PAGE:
KUALA LUMPUR, Sept 23 ― After more than a decade of effort, director Harun Rahman and producer Lara Ariffin will finally be releasing Malaysia's Last Tiger, a National Geographic documentary.
According to the local filmmakers, the documentary was meant to emphasise the necessity of conserving Malaysian tigers owing to their decreasing numbers in the early 2000s.
They also urged fellow citizens to be the key players in rescuing the endangered species.
In the effort, the Malaysia’s Department of Wildlife and National Parks conducted a definitive survey where thousands of camera traps were placed to find out how many tigers still survive in the wild.
Speaking to Malay Mail, Lara said that it was essential to conserve Malaysian tigers since the country could not afford to lose them because they play a vital part in preserving the equilibrium of the forest ecosystem.
“I think the Malaysian tiger is a very important component of our natural world, and I think we have abused our natural world too much.
“We have lost so much, like the Sumatran Rhino and Leatherback Turtle. Next is the Malaysian Tigers.
“If we keep on going in the same trajectory we will have another pandemic and I believe it's important for us to look around us and take stock and do something about it.
“I think, after Covid, there's worse to come in the future if we do not take action,” she told Malay Mail.
However, she applauded the Department of Wildlife and National Parks which collaborates with the Royal Malaysia Police, Malaysian Armed Forces, veteran soldiers and forest rangers for stepping up enforcement to address this issue.
She also commended the survey team members for giving their best in the completion of the longest documentary project, which would not have been possible without their dedication.
“Each of our projects took a minimum of one to two years to finish, but I think this documentary took the longest because I wrote the proposal in 2005 on one million tigers, so you know we've been wanting to do this story for a very long time, and it is finally finished.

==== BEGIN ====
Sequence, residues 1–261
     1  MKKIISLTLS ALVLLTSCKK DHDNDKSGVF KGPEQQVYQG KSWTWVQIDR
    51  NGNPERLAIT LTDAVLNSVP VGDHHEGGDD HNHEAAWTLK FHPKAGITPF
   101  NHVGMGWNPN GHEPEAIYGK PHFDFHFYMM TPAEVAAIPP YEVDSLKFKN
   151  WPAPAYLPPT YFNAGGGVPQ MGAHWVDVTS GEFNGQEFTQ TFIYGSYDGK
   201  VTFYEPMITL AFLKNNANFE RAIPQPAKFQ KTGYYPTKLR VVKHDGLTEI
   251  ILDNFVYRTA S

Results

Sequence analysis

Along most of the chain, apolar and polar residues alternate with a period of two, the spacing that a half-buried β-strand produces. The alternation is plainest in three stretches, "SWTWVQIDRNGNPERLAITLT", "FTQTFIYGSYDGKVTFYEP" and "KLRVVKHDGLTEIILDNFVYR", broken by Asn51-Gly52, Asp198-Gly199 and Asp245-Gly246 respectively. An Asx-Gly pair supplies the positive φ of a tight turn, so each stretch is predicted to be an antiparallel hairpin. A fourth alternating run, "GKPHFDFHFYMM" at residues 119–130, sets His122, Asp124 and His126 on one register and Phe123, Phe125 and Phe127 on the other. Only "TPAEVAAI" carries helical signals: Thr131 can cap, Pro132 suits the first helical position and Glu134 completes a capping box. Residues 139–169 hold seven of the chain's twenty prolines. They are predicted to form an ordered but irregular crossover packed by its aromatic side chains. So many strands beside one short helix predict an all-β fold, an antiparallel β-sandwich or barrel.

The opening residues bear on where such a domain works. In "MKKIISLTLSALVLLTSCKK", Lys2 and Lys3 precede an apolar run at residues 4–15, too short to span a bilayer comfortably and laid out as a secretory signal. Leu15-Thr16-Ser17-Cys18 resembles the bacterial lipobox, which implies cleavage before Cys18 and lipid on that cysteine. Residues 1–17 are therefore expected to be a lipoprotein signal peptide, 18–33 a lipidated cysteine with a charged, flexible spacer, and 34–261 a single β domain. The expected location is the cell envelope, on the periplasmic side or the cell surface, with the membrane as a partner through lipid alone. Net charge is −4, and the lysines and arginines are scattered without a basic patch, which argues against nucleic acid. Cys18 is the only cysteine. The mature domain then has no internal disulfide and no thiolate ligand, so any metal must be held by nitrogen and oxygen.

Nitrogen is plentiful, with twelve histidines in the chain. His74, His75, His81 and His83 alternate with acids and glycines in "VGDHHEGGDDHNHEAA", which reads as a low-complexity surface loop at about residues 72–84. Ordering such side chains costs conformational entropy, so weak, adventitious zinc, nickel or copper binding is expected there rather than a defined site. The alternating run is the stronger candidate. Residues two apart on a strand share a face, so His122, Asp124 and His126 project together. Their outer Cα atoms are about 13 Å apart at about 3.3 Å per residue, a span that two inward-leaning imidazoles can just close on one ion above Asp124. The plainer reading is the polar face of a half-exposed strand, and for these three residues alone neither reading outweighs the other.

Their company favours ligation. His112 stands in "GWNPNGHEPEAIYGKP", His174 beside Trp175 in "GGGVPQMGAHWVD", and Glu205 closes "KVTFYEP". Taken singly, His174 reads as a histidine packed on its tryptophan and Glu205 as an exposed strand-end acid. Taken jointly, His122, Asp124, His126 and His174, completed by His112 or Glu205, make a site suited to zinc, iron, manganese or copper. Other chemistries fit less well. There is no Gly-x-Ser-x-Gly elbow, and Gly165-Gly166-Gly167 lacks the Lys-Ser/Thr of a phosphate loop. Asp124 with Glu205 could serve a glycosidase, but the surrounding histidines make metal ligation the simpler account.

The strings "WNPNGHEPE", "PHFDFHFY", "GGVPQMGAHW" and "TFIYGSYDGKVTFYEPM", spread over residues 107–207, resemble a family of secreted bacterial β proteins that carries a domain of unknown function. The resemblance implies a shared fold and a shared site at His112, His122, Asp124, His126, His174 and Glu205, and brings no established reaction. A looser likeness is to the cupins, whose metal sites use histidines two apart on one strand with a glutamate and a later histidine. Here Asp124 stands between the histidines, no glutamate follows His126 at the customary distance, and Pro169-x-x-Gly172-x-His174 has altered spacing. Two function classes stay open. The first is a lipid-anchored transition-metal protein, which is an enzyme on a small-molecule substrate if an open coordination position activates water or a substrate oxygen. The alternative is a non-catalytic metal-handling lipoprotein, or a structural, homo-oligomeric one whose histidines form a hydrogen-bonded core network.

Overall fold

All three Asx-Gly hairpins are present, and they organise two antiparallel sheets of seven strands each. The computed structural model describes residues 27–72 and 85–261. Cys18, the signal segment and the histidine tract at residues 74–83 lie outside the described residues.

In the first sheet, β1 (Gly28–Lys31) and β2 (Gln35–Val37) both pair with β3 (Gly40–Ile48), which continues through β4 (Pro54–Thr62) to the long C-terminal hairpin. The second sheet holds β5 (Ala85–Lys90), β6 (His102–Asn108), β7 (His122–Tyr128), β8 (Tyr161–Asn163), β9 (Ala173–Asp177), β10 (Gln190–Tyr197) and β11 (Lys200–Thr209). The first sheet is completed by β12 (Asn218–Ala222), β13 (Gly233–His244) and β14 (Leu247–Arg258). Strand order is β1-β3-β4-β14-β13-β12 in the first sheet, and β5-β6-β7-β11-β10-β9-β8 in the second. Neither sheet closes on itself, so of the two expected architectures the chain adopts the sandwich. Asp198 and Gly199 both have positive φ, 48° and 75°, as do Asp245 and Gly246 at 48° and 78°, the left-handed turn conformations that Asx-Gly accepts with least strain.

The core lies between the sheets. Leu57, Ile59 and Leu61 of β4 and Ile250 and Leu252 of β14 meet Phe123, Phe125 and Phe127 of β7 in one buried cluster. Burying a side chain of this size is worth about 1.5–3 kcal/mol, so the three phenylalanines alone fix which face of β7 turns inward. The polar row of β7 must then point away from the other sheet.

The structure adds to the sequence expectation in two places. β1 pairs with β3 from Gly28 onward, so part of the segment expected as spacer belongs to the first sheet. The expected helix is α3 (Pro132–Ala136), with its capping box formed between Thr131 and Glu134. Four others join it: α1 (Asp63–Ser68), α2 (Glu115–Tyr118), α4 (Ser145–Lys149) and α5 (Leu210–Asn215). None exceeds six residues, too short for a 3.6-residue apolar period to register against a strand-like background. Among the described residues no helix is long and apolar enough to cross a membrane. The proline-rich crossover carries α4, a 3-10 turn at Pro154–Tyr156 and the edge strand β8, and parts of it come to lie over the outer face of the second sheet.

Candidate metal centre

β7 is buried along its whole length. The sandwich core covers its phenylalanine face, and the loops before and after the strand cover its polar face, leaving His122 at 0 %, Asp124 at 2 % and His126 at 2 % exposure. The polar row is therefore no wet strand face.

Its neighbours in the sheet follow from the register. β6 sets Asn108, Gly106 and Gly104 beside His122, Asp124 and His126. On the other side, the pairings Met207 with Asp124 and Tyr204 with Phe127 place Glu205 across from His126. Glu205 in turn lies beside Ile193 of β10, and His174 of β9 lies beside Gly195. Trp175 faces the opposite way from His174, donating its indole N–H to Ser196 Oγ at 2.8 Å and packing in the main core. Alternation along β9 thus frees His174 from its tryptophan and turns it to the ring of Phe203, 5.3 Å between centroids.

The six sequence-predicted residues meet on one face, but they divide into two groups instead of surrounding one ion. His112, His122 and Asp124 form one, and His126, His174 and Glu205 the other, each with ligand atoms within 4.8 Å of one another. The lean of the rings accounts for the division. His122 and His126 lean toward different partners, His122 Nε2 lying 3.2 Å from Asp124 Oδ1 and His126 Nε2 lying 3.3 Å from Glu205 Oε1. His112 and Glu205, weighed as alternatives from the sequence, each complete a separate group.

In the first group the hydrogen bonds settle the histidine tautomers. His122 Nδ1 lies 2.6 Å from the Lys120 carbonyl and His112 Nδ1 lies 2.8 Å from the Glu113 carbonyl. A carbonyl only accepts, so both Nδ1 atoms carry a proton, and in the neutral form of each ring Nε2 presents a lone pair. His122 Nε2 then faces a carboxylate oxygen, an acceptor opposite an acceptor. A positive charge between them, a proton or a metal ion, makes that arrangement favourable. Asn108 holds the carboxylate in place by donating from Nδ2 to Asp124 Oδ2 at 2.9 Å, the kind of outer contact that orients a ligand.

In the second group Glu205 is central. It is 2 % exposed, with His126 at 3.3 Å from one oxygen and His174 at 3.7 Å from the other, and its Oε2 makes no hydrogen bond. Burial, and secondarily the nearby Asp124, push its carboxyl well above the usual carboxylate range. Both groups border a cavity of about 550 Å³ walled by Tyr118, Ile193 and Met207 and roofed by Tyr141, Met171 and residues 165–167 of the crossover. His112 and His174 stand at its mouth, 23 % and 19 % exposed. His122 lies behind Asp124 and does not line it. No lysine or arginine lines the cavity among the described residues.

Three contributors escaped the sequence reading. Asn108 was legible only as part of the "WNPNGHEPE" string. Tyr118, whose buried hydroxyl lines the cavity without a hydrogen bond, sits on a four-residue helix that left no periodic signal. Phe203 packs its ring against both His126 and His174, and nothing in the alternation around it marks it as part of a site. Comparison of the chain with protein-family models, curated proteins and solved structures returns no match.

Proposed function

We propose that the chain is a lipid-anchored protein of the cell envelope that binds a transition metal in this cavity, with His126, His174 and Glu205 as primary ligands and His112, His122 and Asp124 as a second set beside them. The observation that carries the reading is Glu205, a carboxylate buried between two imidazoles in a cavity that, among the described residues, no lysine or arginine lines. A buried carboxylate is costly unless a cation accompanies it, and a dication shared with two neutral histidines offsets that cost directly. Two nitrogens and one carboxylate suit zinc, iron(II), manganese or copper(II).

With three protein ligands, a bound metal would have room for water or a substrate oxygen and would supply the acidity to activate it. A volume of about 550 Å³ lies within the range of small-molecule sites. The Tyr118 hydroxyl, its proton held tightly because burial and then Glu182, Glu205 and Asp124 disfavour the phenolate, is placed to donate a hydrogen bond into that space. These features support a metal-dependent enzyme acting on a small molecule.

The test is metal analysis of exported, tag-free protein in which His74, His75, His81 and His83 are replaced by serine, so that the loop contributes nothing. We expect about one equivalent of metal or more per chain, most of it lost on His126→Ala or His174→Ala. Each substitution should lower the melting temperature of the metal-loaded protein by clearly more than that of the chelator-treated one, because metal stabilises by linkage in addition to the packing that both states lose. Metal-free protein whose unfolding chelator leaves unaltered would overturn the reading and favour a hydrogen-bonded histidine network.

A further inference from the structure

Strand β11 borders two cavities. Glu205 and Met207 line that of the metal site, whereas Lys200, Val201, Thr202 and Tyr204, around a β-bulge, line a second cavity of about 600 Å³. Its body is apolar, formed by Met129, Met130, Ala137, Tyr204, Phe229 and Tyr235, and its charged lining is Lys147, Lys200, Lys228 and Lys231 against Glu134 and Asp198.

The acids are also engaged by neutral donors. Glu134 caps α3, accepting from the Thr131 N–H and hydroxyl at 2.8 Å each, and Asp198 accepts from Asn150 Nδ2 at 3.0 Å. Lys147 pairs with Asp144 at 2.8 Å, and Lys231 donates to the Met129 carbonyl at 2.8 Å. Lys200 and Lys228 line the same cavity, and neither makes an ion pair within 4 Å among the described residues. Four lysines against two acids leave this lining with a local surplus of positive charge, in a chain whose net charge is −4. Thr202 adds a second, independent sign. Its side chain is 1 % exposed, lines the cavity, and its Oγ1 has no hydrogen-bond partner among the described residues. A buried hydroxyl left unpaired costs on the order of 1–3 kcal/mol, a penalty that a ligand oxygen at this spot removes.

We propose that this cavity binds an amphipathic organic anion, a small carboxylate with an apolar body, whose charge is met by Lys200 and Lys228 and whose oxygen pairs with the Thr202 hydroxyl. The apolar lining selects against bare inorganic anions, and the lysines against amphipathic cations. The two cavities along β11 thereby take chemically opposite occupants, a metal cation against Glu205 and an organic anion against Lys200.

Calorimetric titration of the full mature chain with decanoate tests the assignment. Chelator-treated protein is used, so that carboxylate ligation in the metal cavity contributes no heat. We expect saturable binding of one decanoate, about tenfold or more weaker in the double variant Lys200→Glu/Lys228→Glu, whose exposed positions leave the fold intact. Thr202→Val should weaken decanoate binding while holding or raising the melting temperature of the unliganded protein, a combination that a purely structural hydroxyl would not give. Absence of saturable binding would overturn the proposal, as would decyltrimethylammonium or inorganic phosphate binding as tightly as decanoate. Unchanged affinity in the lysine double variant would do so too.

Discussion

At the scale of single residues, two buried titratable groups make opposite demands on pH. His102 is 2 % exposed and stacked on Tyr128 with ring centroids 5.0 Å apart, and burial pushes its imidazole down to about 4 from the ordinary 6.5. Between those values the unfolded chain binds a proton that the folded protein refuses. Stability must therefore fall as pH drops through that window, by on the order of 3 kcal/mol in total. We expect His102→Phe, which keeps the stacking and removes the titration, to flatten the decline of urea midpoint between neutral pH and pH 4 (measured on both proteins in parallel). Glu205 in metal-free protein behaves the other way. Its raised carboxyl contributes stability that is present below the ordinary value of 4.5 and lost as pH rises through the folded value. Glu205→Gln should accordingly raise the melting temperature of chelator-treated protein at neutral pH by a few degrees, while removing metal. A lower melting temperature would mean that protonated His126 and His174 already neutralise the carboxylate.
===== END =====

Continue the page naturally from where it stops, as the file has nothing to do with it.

“I take my hats off to the survey team, because they go in for weeks at a time backpacking and they've got to bring their own food for the whole period of time and the conditions were so bad.
“Some of them even got stung by the bees and they had an allergic reaction while some fainted in the middle of the forest and they had to be carried out,” she said.
She added that the general public need to pay attention to the tiger extinction issue and take necessary actions instead of questioning the government all the time.
“My message for Malaysians would be, don't just ask the government what are you doing? I'm asking back what are you doing?
“We as Malaysians, need to step up to contribute our time and whatever that you can do. You do not have to give money but you can be a volunteer for an NGO.
Harun said that he was glad to launch the documentary which took five years of filming.
It covered almost 50,000 square kilometres with the help of technological enhancements despite the difficulties during the production.
“It wasn’t easy for us to carry a lot of heavy equipment all the way and it was tough to deal with unpredictable weather and leeches as well.
“The camera traps that we deployed in the early years were probably enough for scientific purposes, not for filming purposes but the camera traps that came in two years ago were quite amazing with full HD quality that operate with limited battery consumption,” he said.
Harun also said that he has done his role by filming a documentary to highlight an ongoing issue because that is the best that he can do for the country.
He encouraged the public to watch the documentary in order to have a better understanding.
“We're filmmakers, we are not scientists. We are filmmakers who make films to convince people and inform them that there is a problem and we need to do something about it.
The documentary will air on the National Geographic channel Astro Channel 551 tonight at 10pm.